5 things to keep in mind at your next blood draw

I’ve been getting a lot of blood work done lately. So much that maybe I’d qualify for a VIP parking spot at the lab.

I think many of us are familiar with the basics of the process and why we get our blood drawn, so this article is dedicated to hopefully sharing some unique facts and reminders with you! 

“Your veins make up an extensive network of blood vessels that wind their way through your entire body.”*

A recurring theme I have witnessed in these many visits is the lack of appreciation phlebotomists and lab staff receive from patients. 

I know labs are busy places. I have noticed a lot of individuals complaining, being rude to the phlebotomists and expressing negative emotions / feelings outwardly to others in the waiting area, seemingly trying to rally the patient crowd and gain support.

Things can and do go wrong in life, anywhere. Labs, doctors’ offices, etc. do run late. We all have places to be. And quite frankly, places we’d just rather be…

But the patient complaints weren’t around those matters.

Next time you go to the lab for a routine, urgent, or annual blood draw, I hope you will keep these in mind:

  • Phlebotomists are the initial gateway to understanding what is happening inside your body which directly correlates with your health and how you feel.

Phlebotomists play an integral role in your health and wellbeing.  Thank them! I know it’s stressful when you don’t know what the future holds with your health. You’re at the lab for a reason. We’ve all probably counted down until we get a call from the doctor’s office or the MyChart email with the results. I’ve anxiously stopped what I’m doing and focused on the numbers and whether they fell in the low, normal or high range on the little bar they provide on the results page.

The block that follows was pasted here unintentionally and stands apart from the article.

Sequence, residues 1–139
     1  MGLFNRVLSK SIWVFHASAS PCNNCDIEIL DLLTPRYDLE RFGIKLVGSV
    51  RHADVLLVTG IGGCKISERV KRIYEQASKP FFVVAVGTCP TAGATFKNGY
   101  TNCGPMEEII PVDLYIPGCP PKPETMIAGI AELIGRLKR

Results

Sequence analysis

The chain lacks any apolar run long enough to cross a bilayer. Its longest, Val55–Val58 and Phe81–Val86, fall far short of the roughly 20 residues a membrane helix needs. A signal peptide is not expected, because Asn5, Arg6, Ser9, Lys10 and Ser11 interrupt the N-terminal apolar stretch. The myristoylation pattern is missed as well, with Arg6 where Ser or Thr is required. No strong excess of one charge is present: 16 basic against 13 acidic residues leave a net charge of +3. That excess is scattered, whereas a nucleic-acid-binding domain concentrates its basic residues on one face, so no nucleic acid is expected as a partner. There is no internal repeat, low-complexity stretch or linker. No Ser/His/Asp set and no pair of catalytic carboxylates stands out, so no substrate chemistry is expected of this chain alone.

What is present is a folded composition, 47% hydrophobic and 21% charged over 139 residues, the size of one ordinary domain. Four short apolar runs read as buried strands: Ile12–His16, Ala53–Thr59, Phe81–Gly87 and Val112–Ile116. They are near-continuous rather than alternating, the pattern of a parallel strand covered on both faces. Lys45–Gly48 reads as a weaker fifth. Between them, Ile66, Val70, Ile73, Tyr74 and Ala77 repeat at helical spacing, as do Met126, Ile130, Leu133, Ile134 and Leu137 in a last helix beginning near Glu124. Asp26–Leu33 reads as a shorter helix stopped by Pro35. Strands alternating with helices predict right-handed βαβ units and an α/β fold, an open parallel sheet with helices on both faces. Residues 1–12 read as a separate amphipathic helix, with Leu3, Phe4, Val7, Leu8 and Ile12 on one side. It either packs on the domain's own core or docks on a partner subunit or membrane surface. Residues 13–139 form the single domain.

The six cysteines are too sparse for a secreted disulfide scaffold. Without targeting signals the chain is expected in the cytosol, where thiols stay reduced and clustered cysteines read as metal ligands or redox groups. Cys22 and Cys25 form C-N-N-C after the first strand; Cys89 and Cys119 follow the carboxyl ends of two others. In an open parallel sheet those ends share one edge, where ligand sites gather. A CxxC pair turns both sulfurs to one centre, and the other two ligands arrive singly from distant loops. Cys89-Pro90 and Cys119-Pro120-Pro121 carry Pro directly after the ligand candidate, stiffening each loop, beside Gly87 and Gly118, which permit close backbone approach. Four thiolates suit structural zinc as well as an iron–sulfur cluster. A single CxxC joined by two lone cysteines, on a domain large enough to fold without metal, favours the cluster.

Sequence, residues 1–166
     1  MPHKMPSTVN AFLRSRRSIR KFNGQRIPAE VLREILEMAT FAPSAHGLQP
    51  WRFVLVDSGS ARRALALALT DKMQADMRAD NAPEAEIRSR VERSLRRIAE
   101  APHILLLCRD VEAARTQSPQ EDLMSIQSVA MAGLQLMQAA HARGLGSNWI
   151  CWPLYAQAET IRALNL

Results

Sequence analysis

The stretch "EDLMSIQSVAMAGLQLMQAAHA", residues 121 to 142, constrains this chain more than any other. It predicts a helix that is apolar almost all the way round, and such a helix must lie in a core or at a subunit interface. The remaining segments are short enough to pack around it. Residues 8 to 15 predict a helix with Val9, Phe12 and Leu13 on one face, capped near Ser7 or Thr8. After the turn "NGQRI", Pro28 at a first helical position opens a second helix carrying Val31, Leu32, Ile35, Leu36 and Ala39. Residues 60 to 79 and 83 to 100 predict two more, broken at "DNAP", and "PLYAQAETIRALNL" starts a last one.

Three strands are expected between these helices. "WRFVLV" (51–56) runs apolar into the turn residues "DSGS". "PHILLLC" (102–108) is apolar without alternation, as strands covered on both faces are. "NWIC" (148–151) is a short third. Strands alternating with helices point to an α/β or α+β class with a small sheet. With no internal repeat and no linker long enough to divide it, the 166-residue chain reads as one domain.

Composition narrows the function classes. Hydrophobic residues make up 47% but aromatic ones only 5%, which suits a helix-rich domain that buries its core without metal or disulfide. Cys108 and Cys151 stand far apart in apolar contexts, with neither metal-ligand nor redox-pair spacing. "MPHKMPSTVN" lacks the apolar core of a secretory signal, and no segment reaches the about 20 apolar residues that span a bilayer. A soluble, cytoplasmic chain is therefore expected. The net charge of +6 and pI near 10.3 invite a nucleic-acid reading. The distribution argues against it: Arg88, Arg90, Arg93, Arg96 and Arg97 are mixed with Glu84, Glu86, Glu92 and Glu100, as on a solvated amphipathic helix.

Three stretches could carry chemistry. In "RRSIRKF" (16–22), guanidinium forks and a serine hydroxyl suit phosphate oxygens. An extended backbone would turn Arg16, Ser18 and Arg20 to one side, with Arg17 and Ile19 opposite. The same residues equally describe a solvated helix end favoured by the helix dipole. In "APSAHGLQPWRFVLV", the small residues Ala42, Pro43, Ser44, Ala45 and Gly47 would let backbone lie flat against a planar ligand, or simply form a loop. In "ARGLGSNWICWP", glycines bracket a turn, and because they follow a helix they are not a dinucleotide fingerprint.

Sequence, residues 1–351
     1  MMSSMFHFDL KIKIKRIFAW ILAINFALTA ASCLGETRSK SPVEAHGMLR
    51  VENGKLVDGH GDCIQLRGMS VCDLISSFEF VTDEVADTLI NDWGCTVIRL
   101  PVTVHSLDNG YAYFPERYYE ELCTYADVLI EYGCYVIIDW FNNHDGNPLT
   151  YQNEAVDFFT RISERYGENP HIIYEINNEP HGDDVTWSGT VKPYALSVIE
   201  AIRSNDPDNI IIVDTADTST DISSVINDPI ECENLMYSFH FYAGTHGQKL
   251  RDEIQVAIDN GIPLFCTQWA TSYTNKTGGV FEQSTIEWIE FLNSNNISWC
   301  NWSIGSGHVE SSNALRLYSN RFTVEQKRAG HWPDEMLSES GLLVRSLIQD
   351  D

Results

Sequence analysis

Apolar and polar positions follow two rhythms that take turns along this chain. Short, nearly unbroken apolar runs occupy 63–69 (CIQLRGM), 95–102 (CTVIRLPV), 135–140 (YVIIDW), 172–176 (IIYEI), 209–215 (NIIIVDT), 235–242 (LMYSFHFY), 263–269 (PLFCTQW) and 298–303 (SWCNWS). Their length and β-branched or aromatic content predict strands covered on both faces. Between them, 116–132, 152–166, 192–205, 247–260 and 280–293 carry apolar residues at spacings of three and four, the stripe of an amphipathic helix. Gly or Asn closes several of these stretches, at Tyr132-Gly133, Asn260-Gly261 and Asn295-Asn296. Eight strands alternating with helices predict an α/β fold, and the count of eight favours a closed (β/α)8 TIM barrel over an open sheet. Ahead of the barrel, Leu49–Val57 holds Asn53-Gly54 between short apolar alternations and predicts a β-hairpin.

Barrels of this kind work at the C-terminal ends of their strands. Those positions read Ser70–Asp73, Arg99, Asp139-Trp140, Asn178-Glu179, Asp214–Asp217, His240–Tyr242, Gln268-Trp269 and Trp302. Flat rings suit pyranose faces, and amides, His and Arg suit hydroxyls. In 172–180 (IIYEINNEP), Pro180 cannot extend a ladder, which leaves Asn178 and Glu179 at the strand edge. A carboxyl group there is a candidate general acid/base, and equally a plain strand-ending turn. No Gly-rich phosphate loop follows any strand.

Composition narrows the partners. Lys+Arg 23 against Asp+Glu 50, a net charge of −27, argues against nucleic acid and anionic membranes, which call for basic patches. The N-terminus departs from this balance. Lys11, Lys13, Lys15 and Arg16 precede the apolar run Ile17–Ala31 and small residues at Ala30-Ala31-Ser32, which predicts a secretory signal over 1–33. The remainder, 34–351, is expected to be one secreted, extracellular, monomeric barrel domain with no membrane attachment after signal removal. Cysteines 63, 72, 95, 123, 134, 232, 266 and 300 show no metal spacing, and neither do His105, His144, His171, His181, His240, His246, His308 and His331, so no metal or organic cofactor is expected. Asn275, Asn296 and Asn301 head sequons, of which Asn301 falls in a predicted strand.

Phlebotomists chose this profession to play an active role in bettering society’s heath. Asking them how their day is, saying thank you, or just being kind and not rude goes a long way.

I’ve made a few phlebotomist acquaintances lately. When I thanked one of them, she said it really made her day; that those statements are far and few between. Another one was very kind, taking me 3 hours early for my scheduled blood draw. I thought I’d try and see if they had availability, and if not, come back later. I told her she made my day (which she did) and she responded: “That’s a phrase we rarely hear.”

I want to clear the slate though. By no means am I eager to get my blood drawn. As you know, I had a spinal tap when diagnosed with meningitis. I get Botox injections for migraine every 3 months, have had several nerve block injections over the years, routine shots/vaccines, and a lot of blood draws. The short amount of pain is certainly worth unlocking the information needed to improve my health.